This project has two main aims : (i) to unravel the late Quaternary depositional history of the piedmont zone and (ii) to derive a physical model of fan development for the western portion of the coastal plain. This project will utilise the diagnostic spectral response of iron species in the visible to VNIR waverange combined with mineral magnetic and extractable (Fed) analysis of the fan surfaces. This will allow the identification and differentiation of the different fan segments on the basis of the relative proportions and concentrations of the different iron species in the soils which is a function of the length of time the soils have been exposed to weathering processes. Acquisition of LiDAR would allow a detailed DEM of the alluvial fan and the adjacent fault zone to be derived. Available topographic maps are not accurate enough to enable the contact zones between the different fan segments and the uplifted fault terraces to be resolved. A high resolution DEM would allow accurate calculations of fan segment volumes and uplift rates to be derived and subsequently enable a model of fan development on the piedmont to be derived.
MC04/18 Andrew Gize: Adsorption of organic compounds on volcanic ash: a pilot study
Analyses of gases emitted from the Vulcano fumeroles over the past 6 years have shown the unequivocal presence of volatile hydrocarbons (short chain and aromatic hydrocarbons, some with varied degrees of halogenation), which are volcano-sourced, and not derived from anthropogenic, marine, or terrestrial vegetation sources. This pilot scale study seeks atmospheric particulate sampling from the vicinities of Vulcano, and the active Mt Etna and Stromboli volcanoes. Analyses will be by microscale sealed vessel pyrolysis gas chromatography-mass spectrometry, a novel technique which has been successfully applied to urban atmospheric particulates. Knowing now the organic species and fluxes from the Vulcano fumeroles, the objective is to identify and quantify the transport of volcanogenic organic compounds by atmospheric particulates.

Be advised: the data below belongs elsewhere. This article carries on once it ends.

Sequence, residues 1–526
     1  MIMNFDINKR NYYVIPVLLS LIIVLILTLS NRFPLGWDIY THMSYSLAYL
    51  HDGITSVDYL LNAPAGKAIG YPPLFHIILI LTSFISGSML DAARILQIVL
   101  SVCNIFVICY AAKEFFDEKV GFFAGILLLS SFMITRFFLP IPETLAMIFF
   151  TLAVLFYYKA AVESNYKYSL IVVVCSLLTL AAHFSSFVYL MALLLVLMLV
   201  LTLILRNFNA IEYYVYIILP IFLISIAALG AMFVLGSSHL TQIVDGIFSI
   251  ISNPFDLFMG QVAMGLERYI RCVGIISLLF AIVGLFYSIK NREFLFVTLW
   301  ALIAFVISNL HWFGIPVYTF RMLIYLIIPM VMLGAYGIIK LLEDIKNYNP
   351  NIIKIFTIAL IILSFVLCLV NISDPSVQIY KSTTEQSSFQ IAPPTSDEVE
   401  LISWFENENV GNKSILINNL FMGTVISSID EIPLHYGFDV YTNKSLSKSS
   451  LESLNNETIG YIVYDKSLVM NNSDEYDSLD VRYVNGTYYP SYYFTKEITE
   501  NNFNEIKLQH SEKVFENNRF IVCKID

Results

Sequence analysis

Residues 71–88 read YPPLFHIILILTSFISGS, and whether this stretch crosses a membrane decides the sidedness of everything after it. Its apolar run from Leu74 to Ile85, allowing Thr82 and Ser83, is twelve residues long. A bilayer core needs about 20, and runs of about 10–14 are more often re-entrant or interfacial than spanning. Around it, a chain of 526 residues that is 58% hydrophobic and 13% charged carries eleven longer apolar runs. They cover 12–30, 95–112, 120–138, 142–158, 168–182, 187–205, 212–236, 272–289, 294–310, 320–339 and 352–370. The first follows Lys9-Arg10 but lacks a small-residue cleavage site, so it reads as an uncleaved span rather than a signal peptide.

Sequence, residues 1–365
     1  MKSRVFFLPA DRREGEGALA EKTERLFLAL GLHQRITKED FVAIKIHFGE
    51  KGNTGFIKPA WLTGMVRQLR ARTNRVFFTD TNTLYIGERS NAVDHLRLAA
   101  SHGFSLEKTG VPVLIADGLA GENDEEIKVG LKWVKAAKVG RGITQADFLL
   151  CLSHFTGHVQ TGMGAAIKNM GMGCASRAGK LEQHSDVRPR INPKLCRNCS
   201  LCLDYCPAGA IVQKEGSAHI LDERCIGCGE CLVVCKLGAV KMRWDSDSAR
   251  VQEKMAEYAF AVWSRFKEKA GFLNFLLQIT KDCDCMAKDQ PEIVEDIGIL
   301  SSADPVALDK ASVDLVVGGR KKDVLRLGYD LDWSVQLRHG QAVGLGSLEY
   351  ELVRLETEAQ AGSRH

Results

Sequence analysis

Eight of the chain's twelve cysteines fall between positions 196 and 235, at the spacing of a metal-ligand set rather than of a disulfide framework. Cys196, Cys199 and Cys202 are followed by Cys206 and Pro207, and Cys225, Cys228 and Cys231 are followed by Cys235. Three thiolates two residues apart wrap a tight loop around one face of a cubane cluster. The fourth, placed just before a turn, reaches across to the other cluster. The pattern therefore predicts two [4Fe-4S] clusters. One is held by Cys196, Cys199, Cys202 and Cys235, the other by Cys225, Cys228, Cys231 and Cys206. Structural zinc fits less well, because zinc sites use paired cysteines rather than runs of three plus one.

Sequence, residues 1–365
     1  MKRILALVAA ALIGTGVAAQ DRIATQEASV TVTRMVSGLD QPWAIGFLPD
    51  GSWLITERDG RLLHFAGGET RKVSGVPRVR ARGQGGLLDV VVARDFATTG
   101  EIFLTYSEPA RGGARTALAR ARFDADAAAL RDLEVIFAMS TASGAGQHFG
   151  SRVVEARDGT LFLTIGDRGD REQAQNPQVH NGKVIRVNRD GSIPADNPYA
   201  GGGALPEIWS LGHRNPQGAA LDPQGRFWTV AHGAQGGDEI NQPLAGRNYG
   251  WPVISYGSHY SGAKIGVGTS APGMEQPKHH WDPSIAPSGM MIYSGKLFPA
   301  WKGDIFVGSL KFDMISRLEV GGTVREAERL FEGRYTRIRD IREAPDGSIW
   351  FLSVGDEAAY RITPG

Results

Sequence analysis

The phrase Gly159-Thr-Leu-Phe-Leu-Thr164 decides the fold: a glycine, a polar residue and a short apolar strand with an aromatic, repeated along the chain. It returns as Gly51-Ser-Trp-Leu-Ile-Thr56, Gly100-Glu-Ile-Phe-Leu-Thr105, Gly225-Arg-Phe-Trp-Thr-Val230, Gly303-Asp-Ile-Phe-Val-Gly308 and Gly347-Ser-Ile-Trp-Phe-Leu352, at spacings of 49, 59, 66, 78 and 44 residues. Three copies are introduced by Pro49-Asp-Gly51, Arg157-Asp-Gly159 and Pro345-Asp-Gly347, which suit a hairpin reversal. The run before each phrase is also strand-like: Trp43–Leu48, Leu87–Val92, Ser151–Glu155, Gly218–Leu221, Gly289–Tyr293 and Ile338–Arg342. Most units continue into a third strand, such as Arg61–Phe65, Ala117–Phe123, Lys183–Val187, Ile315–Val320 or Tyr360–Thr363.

MC04/19 Niels Hovius: A study of landslide failure mechanisms and their relationship to topography: Collazzone, central Umbria, Italy
Landslides are an abundant feature of the Italian landscape, where they present both a major natural hazard and a rich source of data for the study of geomorphic processes. We have the Collazzone region of central Umbria as the focus for a study of landslide mechanisms. We propose to combine high resolution (1m) LIDAR terrain data with existing multitemporal maps of landslides to investigate the following: (1) the relationships among the surface morphology, the pattern of past and present landslides, and the triggering of subsequent hillslope failures; (2) the relationship between patterns of real and modeled hillslope instability - the latter derived from a model of rainfall, runoff and soil saturation, based on the LIDAR terrain model, and validated through field observation and monitoring. The landslide data for Collazzone, rigorously mapped and extensively field validated (by CNR-IRPI Perugia), represents an excellent basis for the quantitative study of topographic relief and mass-wasting. The high spatial precision of both the LIDAR topographic data and the landslide maps will permit a detailed investigation of the development of landslide complexes in particular, how and where subsequent slope failures are determined by pre-existing failures, and whether such relationships are dominantly morphological or mechanical.